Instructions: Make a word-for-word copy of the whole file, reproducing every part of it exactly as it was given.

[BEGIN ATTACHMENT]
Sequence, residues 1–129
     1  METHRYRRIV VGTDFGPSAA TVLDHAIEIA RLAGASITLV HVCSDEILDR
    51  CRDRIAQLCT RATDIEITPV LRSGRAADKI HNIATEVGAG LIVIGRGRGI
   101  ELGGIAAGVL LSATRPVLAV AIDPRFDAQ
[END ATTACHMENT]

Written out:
Sequence, residues 1–129
     1  METHRYRRIV VGTDFGPSAA TVLDHAIEIA RLAGASITLV HVCSDEILDR
    51  CRDRIAQLCT RATDIEITPV LRSGRAADKI HNIATEVGAG LIVIGRGRGI
   101  ELGGIAAGVL LSATRPVLAV AIDPRFDAQ